My step-son, Ben, is a bright, intelligent, articulate 30-year-old. We discuss Russian literature and South Korean films but, we’ve never had a proper conversation about the issues around the climate emergency. It can be a tricky topic within families and there are all sorts of reasons for wanting to stay clear of it. I started by asking Ben how he would rate his concerns on a scale of 1 – 10: 1 being very worried and 10 being not a priority. He rated his thoughts as a 7, and used the word, ‘apathetic’, to sum up his views. Well, I did ask him to be honest. In his group of friends there was some discussion about climate change but it wasn’t the hot topic.
Ok, so what was his peer group talking about? Mainly, it seems, the lack of permanent jobs and the benefits that come with that. Job security is really difficult at the moment, he told me. Ben’s profession is in the IT industry and his working life seems to be constantly based on temporary contracts. He can’t afford a house, and he doesn’t have a car. He moved to New Zealand for a 2-year contract with Samsung; he has to be very flexible. Sustaining relationships, too, can be hard when you might have to move country for your next job. Ben even mentioned his lack of pension provision.
What was his opinion of the generation coming behind him? The Friday school strikes? Ben has just come back from working in Singapore and he said that there was no ‘culture’ of protest there. He thought that teenagers were easily led and if he thinks back to himself at that age, he had few opinions of his own. (I think his father and I would beg to differ on that one…).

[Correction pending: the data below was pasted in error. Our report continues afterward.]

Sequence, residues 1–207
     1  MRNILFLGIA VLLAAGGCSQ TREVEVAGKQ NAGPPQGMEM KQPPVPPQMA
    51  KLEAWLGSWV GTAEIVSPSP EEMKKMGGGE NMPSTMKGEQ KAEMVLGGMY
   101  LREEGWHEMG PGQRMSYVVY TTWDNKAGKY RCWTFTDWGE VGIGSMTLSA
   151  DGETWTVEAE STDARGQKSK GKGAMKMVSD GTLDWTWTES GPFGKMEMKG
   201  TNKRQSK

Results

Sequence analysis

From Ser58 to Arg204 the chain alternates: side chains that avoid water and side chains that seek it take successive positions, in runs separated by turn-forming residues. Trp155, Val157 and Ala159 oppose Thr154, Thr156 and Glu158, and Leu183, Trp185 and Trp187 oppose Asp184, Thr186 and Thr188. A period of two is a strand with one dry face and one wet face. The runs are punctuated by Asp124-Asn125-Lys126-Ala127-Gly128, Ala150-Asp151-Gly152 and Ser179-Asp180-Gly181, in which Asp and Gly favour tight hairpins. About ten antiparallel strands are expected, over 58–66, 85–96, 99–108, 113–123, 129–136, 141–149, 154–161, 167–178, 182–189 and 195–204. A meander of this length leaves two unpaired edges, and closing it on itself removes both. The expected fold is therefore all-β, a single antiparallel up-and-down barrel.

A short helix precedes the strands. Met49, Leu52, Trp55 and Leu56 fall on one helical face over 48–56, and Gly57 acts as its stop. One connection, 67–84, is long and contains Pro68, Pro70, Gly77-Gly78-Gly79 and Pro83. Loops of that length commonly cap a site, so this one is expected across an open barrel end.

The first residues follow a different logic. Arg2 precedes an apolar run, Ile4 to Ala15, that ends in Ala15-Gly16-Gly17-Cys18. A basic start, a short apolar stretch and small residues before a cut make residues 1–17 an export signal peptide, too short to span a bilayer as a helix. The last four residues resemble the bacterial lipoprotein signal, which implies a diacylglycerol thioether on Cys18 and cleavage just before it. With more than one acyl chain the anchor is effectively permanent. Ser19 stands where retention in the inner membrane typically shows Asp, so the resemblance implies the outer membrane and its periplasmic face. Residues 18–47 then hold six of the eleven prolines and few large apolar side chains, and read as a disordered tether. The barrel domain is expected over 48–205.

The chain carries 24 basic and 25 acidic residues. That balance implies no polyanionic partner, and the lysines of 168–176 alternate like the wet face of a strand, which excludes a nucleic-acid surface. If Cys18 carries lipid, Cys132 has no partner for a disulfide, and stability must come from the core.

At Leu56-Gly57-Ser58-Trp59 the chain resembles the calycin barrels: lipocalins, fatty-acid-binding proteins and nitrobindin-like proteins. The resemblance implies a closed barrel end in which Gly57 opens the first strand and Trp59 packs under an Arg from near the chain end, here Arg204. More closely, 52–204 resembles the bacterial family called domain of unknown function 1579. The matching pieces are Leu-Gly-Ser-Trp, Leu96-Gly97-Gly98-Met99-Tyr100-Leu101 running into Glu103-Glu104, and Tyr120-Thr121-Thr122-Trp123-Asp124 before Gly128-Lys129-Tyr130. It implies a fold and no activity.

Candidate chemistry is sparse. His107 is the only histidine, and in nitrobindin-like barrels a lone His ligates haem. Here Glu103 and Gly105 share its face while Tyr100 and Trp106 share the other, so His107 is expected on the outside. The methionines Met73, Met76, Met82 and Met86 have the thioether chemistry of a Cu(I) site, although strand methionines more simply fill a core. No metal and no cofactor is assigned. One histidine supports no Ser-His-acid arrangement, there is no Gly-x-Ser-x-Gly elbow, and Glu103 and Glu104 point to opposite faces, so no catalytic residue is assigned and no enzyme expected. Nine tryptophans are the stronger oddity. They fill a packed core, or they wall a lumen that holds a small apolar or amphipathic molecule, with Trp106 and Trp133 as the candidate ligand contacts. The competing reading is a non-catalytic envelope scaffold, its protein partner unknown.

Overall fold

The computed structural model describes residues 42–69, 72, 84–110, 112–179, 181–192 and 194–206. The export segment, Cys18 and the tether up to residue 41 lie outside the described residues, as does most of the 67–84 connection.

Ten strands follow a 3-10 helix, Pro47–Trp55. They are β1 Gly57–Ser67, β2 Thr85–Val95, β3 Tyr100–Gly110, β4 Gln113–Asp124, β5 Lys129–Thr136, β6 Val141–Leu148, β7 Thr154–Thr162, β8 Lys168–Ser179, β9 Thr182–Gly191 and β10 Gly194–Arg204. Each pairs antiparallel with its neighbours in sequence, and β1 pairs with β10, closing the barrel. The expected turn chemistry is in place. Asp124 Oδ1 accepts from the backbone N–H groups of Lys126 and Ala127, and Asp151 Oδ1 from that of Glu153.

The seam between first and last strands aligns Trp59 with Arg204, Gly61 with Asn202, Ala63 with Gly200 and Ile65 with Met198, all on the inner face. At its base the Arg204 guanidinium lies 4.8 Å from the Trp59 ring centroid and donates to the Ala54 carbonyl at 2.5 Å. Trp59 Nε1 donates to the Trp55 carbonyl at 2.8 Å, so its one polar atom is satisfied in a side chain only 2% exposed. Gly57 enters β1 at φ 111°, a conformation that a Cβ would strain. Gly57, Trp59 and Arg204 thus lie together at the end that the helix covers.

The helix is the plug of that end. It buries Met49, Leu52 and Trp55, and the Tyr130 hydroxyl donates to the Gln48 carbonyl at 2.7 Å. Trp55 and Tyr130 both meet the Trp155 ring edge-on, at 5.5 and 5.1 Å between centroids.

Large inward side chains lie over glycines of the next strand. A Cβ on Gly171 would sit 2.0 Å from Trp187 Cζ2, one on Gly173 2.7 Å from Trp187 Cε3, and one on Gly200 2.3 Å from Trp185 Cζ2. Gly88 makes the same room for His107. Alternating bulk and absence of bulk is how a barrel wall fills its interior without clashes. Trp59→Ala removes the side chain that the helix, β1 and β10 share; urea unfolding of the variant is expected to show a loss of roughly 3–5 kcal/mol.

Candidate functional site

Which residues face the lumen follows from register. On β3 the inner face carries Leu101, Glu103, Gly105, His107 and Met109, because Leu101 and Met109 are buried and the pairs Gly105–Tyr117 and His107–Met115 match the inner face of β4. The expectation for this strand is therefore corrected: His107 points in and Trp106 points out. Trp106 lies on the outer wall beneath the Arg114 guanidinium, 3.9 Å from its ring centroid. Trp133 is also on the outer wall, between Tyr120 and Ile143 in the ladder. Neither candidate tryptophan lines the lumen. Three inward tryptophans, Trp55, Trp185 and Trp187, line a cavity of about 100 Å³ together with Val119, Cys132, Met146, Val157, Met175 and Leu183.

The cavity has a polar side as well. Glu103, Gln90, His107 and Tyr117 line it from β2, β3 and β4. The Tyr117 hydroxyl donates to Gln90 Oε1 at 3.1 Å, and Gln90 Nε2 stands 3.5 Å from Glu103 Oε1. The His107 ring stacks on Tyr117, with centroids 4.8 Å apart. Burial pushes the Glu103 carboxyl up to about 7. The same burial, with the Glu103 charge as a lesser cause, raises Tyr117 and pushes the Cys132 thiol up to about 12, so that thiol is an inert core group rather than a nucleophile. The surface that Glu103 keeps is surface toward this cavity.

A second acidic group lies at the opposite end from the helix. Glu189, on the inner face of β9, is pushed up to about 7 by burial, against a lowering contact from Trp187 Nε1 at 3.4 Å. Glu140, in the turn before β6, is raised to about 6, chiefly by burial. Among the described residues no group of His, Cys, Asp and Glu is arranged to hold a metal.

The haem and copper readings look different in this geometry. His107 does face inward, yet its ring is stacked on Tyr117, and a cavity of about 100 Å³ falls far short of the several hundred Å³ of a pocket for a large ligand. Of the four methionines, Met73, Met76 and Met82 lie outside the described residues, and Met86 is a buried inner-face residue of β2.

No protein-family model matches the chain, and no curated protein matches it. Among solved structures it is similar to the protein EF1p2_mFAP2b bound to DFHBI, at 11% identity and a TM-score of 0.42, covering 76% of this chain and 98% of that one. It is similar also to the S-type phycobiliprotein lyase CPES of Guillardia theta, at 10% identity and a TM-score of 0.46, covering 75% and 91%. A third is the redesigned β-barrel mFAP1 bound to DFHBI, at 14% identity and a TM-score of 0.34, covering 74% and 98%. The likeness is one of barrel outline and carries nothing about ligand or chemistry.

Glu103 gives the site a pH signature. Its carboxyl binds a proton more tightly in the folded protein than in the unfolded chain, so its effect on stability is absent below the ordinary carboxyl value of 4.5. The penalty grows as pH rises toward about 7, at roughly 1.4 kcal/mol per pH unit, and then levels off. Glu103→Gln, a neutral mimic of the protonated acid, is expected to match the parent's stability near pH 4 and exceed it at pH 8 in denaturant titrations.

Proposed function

Working in the IT business I asked Ben about the idea of ‘built-in obsolescence’. I only came across this phrase while taking part in Carbon Conversations, with PLANT. My understanding of it is the deliberate production of goods that will go out of date quickly so that the consumer has to buy an updated, newer model. Ben acknowledged that his mobile phone is an absolute essential in his life so, naturally, he wants the best and most efficient there is. He did say that he thought it was up to consumers to demand more if it was important to them but for him, having a top of the range phone, is important.
Mercifully, for us both perhaps, the table we were sitting round chatting was needed for dinner. Ben, is, of course happy for me to print his views and I am grateful to him for being so frank. Despite a degree and an international CV, Ben is currently jobless. What can I say? I have a home and a pension. These are thorny issues with no easy answers. Good luck with the discussions in your own house!